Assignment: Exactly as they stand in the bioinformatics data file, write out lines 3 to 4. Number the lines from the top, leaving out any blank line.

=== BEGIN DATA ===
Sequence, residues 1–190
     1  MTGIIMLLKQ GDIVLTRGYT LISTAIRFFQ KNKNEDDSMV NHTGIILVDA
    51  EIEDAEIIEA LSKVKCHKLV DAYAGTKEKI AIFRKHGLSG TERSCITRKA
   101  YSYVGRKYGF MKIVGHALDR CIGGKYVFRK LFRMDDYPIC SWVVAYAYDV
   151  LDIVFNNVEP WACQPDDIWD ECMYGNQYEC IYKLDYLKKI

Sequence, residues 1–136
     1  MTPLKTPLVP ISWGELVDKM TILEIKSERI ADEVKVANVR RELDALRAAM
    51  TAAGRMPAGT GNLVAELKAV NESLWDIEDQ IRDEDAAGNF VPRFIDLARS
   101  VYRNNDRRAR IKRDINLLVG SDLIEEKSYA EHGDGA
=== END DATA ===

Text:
    51  EIEDAEIIEA LSKVKCHKLV DAYAGTKEKI AIFRKHGLSG TERSCITRKA
   101  YSYVGRKYGF MKIVGHALDR CIGGKYVFRK LFRMDDYPIC SWVVAYAYDV